News 12 at 6 o'clock, November 15, 2007
AUGUSTA, Ga.---Moving home plate...it's being called the next big step for Augusta. It's a so called economic engine that city leaders hope will bring people back downtown by the thousands.
Janna Crown is no stranger to Augusta. She has lived here all her life. But staying in the city she says is becoming more of a drag. "There was always a lot of fun stuff to do downtown and they just don't do it anymore."
City leaders hope bringing a ballpark to downtown will change that. The project is being modeled after stadiums in Durham and Greensboro, North Carolina.
"These are all cities that have done this type of project. Where they may have had naysayers at the beginning no one's complaining now. It has totally revamped their city," says Green Jackets General Mangager, Nick Brown.
"Looking at it from strictly a design standpoint, I get really excited walking that piece of property and seeing how the botanical gardens can merge...even the golfing synergy with the baseball name the Green Jackets...I think there is a lot there," says Cal Ripkin, Jr.
"It is not just a baseball stadium. If you look at Turner Field in Atlanta...think Turner Field but shrunken down a bit. It is a true mixed use entertainment complex that would be in use 12 months out of the year," says Augusta Mayor Deke Copenhaver.
The game plan is to move the Green Jackets from Lake Olmstead to along the Savannah River, but things have been stuck for months now...the hold-up is the feasibility study.
"The feasibility study I know is something that we've all been waiting on. It's just having had to go out to the private sector to raise the funds, and that has not been as easy as we anticipated."
Here are the numbers...the study would cost $48,500 dollars. The city has raised all but $2,500 in private money. The mayor says, "These things take time and we want to do it the right way."
The current Green Jackets stadium was $3 million dollars. It seats about 4,500 people. The new stadium would be $20 million dollars seating 6,000 people. The general manager says he's willing to put his money where his mouth is to get the job done.
"We fully believe in this project and it's not just gone be the burden of the city and the taxpayers we're looking to invest in this project because we believe in it."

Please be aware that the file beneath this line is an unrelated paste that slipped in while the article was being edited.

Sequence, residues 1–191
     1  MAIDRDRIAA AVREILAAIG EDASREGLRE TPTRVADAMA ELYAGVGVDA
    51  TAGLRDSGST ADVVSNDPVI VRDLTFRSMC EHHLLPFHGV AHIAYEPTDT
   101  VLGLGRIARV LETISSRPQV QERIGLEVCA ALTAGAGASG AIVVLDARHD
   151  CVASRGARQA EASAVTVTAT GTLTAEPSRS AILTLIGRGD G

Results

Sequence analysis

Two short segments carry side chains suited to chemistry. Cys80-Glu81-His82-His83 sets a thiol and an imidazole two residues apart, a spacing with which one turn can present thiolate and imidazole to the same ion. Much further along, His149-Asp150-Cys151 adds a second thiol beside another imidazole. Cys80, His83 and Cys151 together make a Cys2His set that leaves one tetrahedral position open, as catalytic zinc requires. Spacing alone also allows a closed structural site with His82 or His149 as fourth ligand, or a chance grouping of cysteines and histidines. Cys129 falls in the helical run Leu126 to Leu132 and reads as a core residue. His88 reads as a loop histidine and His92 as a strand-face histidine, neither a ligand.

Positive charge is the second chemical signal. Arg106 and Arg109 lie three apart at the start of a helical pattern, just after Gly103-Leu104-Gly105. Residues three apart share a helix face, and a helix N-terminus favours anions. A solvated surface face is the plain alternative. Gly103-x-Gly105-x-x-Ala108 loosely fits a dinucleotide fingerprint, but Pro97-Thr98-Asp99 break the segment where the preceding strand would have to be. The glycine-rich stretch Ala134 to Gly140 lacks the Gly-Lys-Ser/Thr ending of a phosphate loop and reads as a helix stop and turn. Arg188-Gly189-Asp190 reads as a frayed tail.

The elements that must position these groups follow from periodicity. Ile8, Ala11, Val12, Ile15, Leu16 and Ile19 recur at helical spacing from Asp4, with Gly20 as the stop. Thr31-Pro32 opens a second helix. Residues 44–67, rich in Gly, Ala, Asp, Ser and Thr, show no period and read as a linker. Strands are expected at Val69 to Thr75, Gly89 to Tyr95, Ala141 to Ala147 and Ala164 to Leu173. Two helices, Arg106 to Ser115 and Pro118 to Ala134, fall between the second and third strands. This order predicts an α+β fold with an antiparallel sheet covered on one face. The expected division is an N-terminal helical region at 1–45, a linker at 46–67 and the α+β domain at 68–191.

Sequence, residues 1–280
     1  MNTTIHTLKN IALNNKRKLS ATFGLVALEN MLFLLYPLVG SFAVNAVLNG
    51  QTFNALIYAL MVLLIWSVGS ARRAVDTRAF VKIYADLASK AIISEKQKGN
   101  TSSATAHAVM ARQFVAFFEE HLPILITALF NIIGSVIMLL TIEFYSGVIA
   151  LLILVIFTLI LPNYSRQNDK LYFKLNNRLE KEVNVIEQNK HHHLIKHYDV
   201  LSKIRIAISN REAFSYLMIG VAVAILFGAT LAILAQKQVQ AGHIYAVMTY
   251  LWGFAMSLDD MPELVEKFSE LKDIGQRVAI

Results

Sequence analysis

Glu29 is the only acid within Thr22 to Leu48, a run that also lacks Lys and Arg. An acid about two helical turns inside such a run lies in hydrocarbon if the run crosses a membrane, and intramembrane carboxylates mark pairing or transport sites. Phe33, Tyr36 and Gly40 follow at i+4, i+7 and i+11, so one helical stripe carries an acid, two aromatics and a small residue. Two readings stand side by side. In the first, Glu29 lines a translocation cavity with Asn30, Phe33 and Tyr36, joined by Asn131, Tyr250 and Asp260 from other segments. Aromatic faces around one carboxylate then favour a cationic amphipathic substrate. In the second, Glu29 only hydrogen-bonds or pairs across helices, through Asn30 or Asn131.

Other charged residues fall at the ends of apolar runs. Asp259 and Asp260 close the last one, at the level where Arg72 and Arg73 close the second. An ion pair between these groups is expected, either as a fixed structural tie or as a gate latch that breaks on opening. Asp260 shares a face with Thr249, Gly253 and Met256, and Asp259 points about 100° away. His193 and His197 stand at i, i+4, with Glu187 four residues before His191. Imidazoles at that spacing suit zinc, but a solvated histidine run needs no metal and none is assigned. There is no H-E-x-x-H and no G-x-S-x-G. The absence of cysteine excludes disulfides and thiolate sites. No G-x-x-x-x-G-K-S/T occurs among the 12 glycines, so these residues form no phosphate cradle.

"Oh yeah, they'll say that. You wait three or four years down the road...then they want to put another one cent option to pay for it. That's why I say no; I don't agree to it," says Charles Bland.
Mayor Copenhaver hit the road looking for potential investors...destination Atlanta and Jacoby Development. It is possibly the beginning of a big partnership.
First Jim Jacoby visited Augusta, then he invited the mayor to his place for a closed door meeting...Jacoby's claim to fame is Atlantic Station, a $2 billion dollar development with shops and businesses and homes all in one place. The developer, Jim Jacoby, is now in talks with Augusta's mayor to bring something similar to downtown Augusta."
"Generally, towns of Augusta's size don't always get interests of people of that caliber so it's very exciting for me personally," says the mayor.
"I don't know so much about the park down here because I don't know if its gone do everything they say it's gone do for business, and I don't know if they have enough parking to be honest with you," says restaurant owner, George Harrison.
"I like the idea of people parking all over downtown because I think the restaurant owners and store owners would appreciate that type of traffic," says Clint Bryant, athletic director at Augusta State.
"We'd love to see that, definitely. More business is always better," says Terra Shepherd.
Mayor Copenhaver says, "A true mixed use facility generating activity on our riverfront 12 months out of the year and used by the community 12 months out of the year...that to me is a home run for Augusta."